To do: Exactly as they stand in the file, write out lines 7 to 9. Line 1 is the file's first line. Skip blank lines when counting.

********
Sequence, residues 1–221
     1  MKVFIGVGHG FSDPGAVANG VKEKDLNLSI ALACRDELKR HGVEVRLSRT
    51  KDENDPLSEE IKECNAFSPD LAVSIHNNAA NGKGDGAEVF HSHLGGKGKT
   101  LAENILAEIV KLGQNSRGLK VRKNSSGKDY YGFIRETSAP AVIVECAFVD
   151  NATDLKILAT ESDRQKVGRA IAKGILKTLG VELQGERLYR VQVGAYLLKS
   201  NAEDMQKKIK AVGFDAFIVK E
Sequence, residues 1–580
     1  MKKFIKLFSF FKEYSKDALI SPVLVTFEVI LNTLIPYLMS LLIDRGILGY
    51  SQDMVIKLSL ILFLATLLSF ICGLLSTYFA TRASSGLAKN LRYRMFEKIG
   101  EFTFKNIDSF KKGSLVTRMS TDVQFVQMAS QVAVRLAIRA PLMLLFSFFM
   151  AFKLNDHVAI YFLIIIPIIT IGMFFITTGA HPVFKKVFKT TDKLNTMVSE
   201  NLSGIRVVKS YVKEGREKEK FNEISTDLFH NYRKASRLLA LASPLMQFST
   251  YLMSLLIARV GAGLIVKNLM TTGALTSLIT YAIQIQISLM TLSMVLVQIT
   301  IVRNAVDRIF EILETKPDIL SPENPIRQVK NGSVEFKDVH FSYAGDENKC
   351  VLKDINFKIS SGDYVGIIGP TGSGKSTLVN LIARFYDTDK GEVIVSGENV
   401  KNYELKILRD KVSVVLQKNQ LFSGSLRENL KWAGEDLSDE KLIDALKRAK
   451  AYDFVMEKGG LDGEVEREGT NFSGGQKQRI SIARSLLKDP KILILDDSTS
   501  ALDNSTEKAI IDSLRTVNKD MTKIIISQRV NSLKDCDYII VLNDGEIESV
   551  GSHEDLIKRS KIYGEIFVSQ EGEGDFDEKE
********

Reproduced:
Sequence, residues 1–580
     1  MKKFIKLFSF FKEYSKDALI SPVLVTFEVI LNTLIPYLMS LLIDRGILGY
    51  SQDMVIKLSL ILFLATLLSF ICGLLSTYFA TRASSGLAKN LRYRMFEKIG